Yeah, it's a couple of hoity-toity, unapproachable-sounding words, huh?
Salutogenic essentially refers to a strengths-focused approach aimed at increasing an optimal state of being. Conversely, pathogenic refers to anchoring focus on identifying problems and seeking solutions to counteract them. Pathogenic approaches are frequently seen in a "Mad Men" era business model—patriarchal and hegemonic—but again, I digress...
(ex: If you've ever walked into a doctor's or boss' office or had a friend prone to criticizing you... and you felt like they were constantly asking "What's wrong? Why are you here? Let's fix all your flaws." Then you've experienced a pathogenic approach, aka the opposite of the salutogenic approach.)
You'll hear the word salutogenic a lot if you're in the trauma or (mental) health world, as it's increasingly more common practice as their standard of care these days. It doesn't surprise me that the research setting for this paper was in health sciences (hospitals, etc.) and entailed discussion(s) of events like 9/11. Despite the original context, the research applies to ALL businesses, especially if they are hoping to survive things like pandemics, recessions, and other unexpected predicaments.
8 Themes of Salutogenic Indicators of Organizational Resilience
My own interpretation or "translation" of Tracey's research is added to each theme and as well as a few quotes directly from the thesis (Tracey, 2015). :-)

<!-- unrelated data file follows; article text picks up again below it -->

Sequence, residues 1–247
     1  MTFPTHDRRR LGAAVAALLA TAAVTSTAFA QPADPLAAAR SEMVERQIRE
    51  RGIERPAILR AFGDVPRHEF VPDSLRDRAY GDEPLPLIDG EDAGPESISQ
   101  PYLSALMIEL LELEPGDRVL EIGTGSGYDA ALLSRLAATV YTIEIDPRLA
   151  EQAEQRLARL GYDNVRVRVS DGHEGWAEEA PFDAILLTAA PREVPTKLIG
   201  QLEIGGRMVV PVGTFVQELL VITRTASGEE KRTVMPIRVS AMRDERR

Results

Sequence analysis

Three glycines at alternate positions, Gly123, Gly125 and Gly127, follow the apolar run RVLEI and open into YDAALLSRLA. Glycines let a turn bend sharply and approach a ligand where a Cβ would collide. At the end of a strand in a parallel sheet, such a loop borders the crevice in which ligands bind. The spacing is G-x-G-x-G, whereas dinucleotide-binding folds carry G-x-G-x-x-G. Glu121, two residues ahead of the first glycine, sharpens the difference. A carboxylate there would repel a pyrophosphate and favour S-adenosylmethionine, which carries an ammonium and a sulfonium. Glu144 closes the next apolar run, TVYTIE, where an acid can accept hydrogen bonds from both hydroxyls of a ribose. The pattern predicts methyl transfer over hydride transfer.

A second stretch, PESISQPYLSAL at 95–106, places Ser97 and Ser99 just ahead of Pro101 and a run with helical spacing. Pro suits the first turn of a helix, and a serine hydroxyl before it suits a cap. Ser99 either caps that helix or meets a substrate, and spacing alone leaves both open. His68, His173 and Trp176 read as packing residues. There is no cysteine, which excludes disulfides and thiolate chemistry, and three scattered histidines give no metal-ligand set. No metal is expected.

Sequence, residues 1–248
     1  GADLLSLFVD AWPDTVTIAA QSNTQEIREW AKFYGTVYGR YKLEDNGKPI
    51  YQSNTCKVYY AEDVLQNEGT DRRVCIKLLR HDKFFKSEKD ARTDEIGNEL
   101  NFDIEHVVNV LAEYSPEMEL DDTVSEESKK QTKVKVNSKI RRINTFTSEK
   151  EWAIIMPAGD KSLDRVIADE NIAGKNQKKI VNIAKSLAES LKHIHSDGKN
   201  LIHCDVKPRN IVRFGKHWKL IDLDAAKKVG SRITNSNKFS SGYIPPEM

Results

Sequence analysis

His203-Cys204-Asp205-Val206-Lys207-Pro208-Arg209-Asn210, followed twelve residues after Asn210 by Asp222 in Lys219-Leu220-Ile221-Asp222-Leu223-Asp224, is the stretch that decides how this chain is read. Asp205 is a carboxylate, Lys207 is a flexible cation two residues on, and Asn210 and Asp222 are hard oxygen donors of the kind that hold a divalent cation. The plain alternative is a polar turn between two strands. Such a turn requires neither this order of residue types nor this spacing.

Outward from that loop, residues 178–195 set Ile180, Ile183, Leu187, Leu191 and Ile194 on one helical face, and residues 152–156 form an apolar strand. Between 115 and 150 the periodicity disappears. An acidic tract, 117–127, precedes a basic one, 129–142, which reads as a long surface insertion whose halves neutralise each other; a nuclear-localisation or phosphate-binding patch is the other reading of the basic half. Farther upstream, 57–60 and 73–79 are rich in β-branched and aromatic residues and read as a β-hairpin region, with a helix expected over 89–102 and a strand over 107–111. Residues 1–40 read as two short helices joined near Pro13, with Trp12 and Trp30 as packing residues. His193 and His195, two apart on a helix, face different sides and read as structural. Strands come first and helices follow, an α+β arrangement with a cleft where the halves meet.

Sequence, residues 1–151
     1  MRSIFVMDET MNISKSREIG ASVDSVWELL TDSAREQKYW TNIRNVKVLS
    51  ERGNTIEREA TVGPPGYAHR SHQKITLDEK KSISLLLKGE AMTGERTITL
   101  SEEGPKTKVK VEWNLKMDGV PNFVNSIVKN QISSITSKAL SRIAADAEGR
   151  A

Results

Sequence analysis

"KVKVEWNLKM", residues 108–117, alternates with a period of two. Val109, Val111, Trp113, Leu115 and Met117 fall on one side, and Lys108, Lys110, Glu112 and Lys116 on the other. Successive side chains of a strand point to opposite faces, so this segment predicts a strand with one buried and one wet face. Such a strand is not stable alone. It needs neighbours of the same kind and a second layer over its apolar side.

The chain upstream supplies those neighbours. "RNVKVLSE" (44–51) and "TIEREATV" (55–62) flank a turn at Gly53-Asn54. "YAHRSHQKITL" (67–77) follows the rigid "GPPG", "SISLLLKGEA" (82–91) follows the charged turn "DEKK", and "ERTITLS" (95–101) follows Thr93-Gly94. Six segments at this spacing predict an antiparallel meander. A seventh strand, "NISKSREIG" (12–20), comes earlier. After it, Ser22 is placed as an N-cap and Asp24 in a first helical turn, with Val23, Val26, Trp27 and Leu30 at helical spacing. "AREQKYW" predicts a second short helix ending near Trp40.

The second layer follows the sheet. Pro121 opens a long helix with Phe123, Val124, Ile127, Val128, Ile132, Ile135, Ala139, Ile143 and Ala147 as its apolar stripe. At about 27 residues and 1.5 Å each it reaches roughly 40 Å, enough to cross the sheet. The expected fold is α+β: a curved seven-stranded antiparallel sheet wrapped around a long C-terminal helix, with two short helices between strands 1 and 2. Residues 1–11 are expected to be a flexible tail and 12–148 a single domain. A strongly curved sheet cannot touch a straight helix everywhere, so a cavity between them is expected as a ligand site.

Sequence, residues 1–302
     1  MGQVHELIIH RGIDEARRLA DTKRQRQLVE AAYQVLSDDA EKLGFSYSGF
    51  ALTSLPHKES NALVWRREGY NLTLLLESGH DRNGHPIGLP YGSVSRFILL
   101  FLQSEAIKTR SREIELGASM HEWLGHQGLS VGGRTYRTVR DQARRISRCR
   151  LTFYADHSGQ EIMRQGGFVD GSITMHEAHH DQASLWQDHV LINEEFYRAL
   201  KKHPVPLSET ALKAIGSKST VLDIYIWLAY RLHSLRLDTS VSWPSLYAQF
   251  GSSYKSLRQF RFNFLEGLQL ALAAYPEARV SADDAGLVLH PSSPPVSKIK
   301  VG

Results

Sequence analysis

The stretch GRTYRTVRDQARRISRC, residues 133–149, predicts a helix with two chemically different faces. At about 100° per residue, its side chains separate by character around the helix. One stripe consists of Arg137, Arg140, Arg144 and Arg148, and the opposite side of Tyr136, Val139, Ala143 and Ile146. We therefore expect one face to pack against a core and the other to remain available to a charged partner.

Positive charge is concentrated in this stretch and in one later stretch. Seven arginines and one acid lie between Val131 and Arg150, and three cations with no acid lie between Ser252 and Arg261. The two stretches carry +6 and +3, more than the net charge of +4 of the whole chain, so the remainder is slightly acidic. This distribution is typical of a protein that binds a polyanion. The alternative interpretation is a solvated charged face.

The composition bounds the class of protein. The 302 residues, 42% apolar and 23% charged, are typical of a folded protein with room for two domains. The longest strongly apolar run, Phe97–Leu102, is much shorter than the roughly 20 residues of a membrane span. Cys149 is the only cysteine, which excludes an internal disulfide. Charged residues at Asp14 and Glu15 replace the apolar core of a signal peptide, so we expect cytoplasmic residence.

1. "Situational awareness and asset literacy contribute to organizational adaptive capacity"
Our capacity for resilience is strengthened when we become aware of our context, strengths, resources, and other assets.
Tracey's defined these terms as follows:
- Situational Awareness: "Knowledge of the strengths, weaknesses, opportunities, and threats present at the micro, meso, and macro-level of an organization" (p 54, Tracey, 2015)
- Asset Literacy: "Awareness of assets, recognizing the value or potential contribution of the assets, knowing how to mobilize them, having confidence and motivation to activate them" (p 54, Tracey, 2015)
Note: This point and many of those below 100% support the concepts outlined in my book, Bare Naked Bravery: How to Be Creatively Courageous—that's fun!
2. "Investing in people enhances organizations’ abilities for adaptive response"